Jade Trapezoidal Plaque

Jade Trapezoidal Plaque

Neolithic Period, Liangzhu Culture (ca. 3400 – ca. 2200 BCE)
Length: 7.6 cm


A Distinguished Chinese Collector Important North American Collector

Exhibited & Published:

Weisbrod 30 Years, An Anniversary Exhibition, Spring 2002, Weisbrod Chinese Art, Ltd., New York, no. 1M.

The plaque, trapezoidal in shape, has a short horizontal protuberance, which is perforated twice. The main body of the plaque has splaying sides that step inward toward the lower protuberance, while the upper edges flare out. The top of the plaque has two protrusions, one on either side, and a small ridge in the center. Underneath the ridge, a quatrefoil-shaped hole was drilled from both sides. The plaque is worked flat and smooth on both sides, with all edges carefully squared off, except for those of the horizontal protuberance. Carved from brown and grey jade, the plaque has mostly altered to a creamy white.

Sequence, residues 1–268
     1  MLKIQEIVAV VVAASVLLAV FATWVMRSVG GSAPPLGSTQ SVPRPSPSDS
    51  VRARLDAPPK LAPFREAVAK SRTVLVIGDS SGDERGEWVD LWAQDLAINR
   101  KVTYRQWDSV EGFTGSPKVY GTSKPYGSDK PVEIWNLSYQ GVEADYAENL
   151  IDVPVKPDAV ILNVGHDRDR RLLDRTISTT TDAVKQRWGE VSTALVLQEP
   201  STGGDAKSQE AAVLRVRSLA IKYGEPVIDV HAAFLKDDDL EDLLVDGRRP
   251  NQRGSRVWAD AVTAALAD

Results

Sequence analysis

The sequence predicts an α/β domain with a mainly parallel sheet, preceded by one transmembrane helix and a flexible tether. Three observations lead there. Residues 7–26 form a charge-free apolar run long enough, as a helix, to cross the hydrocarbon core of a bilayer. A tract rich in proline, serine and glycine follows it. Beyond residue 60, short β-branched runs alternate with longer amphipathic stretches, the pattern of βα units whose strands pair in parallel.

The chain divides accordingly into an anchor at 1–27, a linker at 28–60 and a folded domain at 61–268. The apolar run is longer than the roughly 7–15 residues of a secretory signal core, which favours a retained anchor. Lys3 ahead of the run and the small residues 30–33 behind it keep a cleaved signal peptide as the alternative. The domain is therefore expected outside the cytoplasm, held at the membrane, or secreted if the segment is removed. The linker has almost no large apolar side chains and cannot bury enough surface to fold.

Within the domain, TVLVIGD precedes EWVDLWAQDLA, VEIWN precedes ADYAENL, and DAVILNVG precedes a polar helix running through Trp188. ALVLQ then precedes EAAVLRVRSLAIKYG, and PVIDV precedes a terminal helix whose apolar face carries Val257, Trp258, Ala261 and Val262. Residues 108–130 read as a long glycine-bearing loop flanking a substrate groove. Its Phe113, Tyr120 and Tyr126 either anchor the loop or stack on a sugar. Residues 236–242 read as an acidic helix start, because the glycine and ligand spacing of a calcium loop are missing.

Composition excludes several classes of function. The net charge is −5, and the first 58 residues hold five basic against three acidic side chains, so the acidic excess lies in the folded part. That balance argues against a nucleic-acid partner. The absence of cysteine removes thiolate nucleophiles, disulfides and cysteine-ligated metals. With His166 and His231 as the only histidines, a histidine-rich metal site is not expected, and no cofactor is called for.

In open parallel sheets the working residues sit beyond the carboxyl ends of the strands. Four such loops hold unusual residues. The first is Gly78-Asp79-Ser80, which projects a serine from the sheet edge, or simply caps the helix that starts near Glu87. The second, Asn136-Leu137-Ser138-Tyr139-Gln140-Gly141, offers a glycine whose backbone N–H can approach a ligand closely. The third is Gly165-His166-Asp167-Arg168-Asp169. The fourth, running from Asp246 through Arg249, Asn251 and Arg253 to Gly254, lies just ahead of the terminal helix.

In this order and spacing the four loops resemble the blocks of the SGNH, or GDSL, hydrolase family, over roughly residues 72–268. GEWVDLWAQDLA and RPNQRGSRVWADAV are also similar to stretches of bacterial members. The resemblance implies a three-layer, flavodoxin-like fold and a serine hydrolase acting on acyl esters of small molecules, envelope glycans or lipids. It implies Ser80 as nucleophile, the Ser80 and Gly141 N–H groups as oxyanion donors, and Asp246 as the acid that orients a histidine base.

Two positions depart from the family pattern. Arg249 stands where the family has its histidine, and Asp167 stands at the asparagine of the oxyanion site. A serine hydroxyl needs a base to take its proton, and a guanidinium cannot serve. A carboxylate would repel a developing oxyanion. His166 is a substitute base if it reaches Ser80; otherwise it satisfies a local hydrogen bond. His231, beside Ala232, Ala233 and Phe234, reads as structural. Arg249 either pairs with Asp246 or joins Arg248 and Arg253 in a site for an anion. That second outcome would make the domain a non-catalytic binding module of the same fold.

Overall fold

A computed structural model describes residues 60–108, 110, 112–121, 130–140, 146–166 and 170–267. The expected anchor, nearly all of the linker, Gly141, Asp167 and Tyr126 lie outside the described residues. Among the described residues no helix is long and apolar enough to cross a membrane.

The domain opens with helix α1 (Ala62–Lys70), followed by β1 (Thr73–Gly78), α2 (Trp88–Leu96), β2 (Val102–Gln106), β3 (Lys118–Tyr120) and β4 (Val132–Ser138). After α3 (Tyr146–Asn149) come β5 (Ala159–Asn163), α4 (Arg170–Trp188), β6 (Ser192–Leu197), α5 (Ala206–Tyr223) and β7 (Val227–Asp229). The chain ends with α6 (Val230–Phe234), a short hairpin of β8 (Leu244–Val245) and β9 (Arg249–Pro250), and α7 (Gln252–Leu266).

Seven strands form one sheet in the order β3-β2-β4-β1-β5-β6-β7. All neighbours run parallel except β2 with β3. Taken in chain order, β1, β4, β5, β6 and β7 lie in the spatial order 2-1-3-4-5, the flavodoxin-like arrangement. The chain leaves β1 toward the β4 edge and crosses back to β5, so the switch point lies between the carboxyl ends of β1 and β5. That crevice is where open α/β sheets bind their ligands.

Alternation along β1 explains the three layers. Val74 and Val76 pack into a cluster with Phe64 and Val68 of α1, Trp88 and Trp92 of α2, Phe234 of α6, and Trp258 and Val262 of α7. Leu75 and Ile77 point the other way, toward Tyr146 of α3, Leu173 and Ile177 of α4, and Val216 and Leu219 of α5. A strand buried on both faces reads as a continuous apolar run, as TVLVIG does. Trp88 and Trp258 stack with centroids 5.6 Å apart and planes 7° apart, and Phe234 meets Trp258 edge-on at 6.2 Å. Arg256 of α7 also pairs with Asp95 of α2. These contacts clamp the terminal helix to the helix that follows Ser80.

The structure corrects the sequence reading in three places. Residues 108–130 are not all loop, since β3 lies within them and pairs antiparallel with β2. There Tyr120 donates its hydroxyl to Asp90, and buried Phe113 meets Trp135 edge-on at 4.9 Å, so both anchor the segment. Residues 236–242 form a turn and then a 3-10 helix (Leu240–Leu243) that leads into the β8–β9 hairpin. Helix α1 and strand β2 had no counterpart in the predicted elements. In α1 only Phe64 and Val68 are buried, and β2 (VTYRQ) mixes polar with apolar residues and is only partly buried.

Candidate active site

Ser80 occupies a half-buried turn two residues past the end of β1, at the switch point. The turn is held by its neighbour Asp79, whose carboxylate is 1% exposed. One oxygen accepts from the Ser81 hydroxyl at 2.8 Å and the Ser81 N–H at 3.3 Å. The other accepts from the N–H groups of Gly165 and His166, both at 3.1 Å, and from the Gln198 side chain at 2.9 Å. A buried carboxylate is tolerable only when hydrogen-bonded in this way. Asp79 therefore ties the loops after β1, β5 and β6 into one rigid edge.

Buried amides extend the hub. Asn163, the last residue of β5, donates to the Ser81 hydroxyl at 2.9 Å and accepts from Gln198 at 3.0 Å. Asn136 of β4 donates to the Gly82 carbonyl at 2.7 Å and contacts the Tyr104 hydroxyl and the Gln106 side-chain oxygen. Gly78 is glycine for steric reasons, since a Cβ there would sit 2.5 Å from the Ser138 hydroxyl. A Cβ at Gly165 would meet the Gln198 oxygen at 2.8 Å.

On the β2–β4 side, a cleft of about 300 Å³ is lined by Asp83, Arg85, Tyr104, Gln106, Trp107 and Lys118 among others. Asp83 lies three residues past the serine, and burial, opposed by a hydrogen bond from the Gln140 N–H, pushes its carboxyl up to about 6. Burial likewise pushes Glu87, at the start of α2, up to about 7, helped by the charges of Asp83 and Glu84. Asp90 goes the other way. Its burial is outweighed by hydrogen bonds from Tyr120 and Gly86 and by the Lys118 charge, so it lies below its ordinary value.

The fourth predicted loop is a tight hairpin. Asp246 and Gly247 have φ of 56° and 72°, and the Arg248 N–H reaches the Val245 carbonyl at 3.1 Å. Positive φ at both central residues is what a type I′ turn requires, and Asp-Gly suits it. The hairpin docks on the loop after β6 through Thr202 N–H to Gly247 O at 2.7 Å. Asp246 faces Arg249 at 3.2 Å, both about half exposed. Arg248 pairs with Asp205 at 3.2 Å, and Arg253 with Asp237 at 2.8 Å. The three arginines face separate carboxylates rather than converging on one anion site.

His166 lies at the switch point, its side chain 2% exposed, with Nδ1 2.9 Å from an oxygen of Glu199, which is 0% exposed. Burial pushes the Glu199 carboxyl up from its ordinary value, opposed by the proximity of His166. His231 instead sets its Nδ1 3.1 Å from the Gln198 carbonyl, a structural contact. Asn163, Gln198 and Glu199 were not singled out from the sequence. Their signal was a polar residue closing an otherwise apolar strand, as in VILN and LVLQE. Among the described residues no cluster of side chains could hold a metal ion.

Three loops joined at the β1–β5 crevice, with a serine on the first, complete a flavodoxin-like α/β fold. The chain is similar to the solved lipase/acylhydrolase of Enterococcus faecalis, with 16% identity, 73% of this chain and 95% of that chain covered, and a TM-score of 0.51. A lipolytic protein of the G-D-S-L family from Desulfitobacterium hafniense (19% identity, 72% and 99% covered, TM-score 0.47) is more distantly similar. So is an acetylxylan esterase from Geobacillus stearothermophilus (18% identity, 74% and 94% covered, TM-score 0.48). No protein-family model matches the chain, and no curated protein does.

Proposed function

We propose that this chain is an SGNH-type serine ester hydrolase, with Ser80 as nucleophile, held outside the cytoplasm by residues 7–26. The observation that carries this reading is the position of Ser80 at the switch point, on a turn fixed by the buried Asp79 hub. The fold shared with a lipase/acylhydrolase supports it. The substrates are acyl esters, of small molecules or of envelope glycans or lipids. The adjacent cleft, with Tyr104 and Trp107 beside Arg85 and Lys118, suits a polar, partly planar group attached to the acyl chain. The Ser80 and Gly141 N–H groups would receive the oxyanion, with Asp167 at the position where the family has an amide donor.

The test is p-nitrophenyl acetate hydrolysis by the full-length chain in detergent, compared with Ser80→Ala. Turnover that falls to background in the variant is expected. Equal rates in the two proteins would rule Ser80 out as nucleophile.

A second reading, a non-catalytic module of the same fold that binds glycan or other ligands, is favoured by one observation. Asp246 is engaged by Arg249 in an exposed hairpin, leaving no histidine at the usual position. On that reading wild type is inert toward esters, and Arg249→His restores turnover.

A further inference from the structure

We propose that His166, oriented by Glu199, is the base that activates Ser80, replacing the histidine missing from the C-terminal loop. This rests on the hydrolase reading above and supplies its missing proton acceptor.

Plaques such as this were most likely an ornament, meant to attach to something perishable through the horizontal protuberance. Yang Xiaoneng mentions that they could have been part of a headdress or attached to a garment, see p. 126.
Some plaques have extensive incised decoration, and the shape of the plaques seems to relate to the mask decor. However, many plaques retain the shape but have no incised decor.
A very similar plaque also with a quatrefoil-shaped perforation is published in Zhongguo meishu quanji, Gongyi meishu bian, vol. 9, number 31. Two other similar plaques without incised decoration are published in A Compendium of Chinese Jades, vol. 1, numbers 262 and 263. For a plaque with incised decor, see Yang Xiaoneng , number 32b.
Reportedly discovered in Zhejiang Province.